20120116

Equivalence of Statistics on a Pair of Gaussian Channels

This post is a departure from our usual discussions. It relates to statistics and information theory, as applied to a somewhat limited model of communication. In this model, we have two variables with normally distributed amplitudes. One variable is the "true" signal, and the other contains the "true" signal mixed in with some noise. This is a model of a noisy Guassian communication channel. The main purpose is to show that, under these conditions, correlation, squared error, mutual information, and signal-to-noise ratio all become equally good and interconvertible measurements of how related the two signals are. This topic was of interest because many people apply all of these statistics separately to the same data. These notes are not written for a general audience, I'm just putting this out here in case someone, somewhere, finds it interesting.

For a pair of Gaussian channels ( continuous random variables who's values follow a normal distribution ), the mutual information, correlation, root mean squared error, correlation, and signal to noise ratio, are all equivalent and can be computed from each-other. Without loss of generality we restrict this discussion to zero-mean unit variance channels. This discussion elaborates on the discussion of mutual information between Gaussian channels presented in the third chapter of Spikes.

Correlation & Mutual Information

Consider a single gaussian channel $y = g x + n$, where $x$ is the input, $y$ is the output, $g$ is the gain, and $n$ is addative gaussian noise. Without loss of generality, assume that $x$, $n$ and $y$ have been converted to z-scores. Reconstructed z-scores can always be mapped back to the original gaussian variable by multiplying by the original standard deviations and adding in the original means. This means that all random variables have zero mean and unit variance. If we do this, we will need a separate gain for the signal and noise, say, $a$ and $b$.
$y = a x + b n$
Since ths signal and noise are independent, their variances add:
$\sigma^2_{y} = \sigma^2_{a x} + \sigma^2_{b n}$ and the gain parameters can be factored out
$\sigma^2_{y} = a^2 \sigma^2_{x} + b^2 \sigma^2_{n}.$
Since $\sigma^2_{y}=\sigma^2_{x}=\sigma^2_{n}=1$,
$a^2+b^2=1$
This can be parameterized as
$\sigma^2_{y} = \alpha \sigma^2_{x} + (1-\alpha) \sigma^2_{n},\,\,\alpha=a^2\in[0,1]$
and
$y = x\sqrt{\alpha} + n\sqrt{1-\alpha}$

The relationships between mutual information $I$ and signal-to-noise ration $SNR$ come from Spikes, chapter 3.
$I=\frac{1}{2}lg(1+\frac{\sigma^2_{a x}}{\sigma^2_{b n}})=\frac{1}{2}lg(1+SNR)$
Where $lg(\dots)$ is the base-2 logarithm.
The $SNR$ simplifies as :
$SNR=\frac{\sigma^2_{a x}}{\sigma^2_{b n}}=\frac{\alpha \sigma^2_x}{(1-\alpha) \sigma^2_n}=\frac{\alpha}{1-\alpha}$
Mutual information simplifies as :
$I=\frac{1}{2}lg(1+SNR)=\frac{1}{2}lg{\frac{\sigma^2_y}{\sigma^2_{b n}}}=\frac{1}{2}lg{\frac{\sigma^2_y}{(1-\alpha)\sigma^2_n}}=\frac{1}{2}lg{\frac{1}{1-\alpha}}$
The correlation $\rho$ is the standard definition of Pearson's product-moment correlation coefficient, which can be viewed as the angle $\theta$ between vectors defined by the samples of random variables $x$ and $y$.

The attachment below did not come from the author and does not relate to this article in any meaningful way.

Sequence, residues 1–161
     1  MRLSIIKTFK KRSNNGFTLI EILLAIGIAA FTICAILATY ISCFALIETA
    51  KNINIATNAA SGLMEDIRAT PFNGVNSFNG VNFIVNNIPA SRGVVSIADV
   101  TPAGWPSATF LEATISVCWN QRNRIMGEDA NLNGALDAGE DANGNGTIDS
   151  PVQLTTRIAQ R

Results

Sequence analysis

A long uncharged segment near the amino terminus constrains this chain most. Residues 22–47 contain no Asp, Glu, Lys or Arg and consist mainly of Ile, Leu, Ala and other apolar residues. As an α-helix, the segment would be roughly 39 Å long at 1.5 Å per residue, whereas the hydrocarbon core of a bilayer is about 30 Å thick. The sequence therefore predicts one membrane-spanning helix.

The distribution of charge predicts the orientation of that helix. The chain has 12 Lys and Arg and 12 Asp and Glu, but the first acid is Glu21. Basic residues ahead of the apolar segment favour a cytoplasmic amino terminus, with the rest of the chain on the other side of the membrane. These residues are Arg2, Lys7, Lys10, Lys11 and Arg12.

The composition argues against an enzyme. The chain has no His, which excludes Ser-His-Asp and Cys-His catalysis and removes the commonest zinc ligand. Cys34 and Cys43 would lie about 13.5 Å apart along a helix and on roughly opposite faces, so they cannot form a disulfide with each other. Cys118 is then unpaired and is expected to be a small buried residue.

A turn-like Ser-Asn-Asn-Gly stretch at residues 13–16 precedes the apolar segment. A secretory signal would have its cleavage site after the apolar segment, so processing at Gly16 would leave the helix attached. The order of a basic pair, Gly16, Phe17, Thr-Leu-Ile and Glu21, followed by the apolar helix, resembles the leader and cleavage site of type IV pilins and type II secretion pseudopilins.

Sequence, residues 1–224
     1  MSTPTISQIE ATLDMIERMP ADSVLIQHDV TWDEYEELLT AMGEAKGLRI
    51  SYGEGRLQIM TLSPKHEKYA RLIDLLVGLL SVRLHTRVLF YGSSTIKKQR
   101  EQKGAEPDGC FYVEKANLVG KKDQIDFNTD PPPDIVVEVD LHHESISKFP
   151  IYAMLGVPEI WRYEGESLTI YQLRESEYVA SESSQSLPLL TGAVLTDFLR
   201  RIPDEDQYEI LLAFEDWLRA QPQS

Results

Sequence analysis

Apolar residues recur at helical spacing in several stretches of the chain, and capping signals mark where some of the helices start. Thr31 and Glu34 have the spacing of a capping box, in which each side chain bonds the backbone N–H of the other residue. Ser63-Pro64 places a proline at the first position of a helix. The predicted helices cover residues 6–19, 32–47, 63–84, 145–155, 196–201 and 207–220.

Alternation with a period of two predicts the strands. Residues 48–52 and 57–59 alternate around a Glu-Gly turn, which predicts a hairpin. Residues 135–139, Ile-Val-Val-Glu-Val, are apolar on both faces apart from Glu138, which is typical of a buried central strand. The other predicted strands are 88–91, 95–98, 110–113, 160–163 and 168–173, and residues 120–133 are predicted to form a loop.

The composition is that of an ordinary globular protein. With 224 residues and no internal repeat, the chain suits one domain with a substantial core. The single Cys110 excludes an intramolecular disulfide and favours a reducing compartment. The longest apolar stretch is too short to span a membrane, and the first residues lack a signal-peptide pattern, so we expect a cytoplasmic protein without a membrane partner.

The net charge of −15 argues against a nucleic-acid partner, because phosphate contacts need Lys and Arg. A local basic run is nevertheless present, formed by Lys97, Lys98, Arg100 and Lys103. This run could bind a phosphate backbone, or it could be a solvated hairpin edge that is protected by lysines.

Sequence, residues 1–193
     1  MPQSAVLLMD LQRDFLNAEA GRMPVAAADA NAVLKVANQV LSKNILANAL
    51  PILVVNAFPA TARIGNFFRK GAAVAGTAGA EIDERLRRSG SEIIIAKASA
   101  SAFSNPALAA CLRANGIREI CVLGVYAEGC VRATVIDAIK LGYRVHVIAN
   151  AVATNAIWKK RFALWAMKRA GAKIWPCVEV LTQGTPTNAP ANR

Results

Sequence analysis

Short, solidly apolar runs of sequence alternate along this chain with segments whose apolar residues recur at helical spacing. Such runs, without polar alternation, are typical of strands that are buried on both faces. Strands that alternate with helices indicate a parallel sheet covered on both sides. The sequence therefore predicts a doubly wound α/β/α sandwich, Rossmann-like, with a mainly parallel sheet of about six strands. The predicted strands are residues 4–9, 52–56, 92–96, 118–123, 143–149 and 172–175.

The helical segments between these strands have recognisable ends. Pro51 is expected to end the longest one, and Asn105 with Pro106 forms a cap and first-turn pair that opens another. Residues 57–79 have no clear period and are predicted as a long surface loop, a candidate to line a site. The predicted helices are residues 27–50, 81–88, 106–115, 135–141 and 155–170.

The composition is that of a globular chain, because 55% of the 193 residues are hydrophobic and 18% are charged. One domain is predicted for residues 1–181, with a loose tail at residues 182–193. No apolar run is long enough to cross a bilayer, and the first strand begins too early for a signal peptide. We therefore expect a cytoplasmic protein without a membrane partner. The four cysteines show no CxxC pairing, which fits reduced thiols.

$\rho=cos(\theta)=\frac{x y}{|x||y|}$

Since $x$ and $n$ are independent, the samples of $x$ and $n$ can be viewed as an orthonormal basis for the samples of $y$, where the weights of the components are just previously defined $a$ and $b$, respectively. This relates our gain parameters to the correlation coefficient: the tangent of the angle between $y$ and $x$ is just the ratio of the noise gain to the signal gain
$tan(\theta)=\frac{b}{a}=\frac{\sqrt{1-\alpha}}{\sqrt{\alpha}}$
Then $tan(\theta)$ can be expressed in terms of the correlation coefficient $\rho$ :
$tan(\theta)=\frac{sin(\theta)}{cos(\theta)}=\frac{\sqrt{1-cos(\theta)^2}}{cos(\theta)}=\frac{\sqrt{1-\rho^2}}{\rho}$
This gives the relationship $\sqrt{1-\alpha}/\sqrt{\alpha}=\sqrt{1-\rho^2}/\rho$, which implies that that $\alpha=\rho^2$, or $a=\rho$. (There is a slight problem here in that correlation can be negative, but it is the magnitude of the correlation that really matters. As a temporary fix, correlation now means "absolute value of the correlation".) This can be used to relate $\rho$ to $SNR$ and mutual informtaion:
$SNR=\frac{\rho^2}{1-\rho^2}$
$I=\frac{1}{2}lg{\frac{1}{1-\rho^2}}=-\frac{1}{2}lg(1-\rho^2)$
As a corollary, if $\phi=\sqrt{1-\rho^2}$ is the correlation of $y$ and the noise $n$, then information is simply $I=-lg(\phi)$. Mean squared error ($MSE$) is also related :
$MSE=(1-\rho)^2+(1-\rho^2)=1-2\rho+1=2(1-\rho)$
which implies that
$\rho=1-\frac{1}{2}MSE$
and gives a relationship between mutual information and mean squared error:
$I=-\frac{1}{2}lg(1-\rho^2)=-\frac{1}{2}lg(1-(1-MSE/2)^2)$

The relationships between correlation $\rho$, root mean squared error $RMSE$, information $I$, and signal to noise ratio $SNR$, all increase monotonically, implying that correlation, SNR, and mutual information, all give the same quality ranking for a collection of channels.

Further Speculation

This can be generalized (as in chapter 3 of Spikes) to vector-valued Gaussian variables by transforming into a space where $Y=AX+BN$ is diagonal, treating each component independently, and then transforming back into the original space.

Similarly to how chapter 3 of Spikes generalizes mutual information of a Gaussian channel into a bound on mutual information for possibly non-gaussian, vector valued, channels, these relationships can be generalized to inequalities for non-Gaussian channels :

$I\geq-lg(\Phi)=-\frac{1}{2}lg(1-\Sigma^2)=-\frac{1}{2}lg(1-(1-MSE/2)^2)$
Where, for vector valued variables, $\phi$, $\rho$, and $MSE$ become matrices $\Phi$, $\Sigma$, and $MSE$.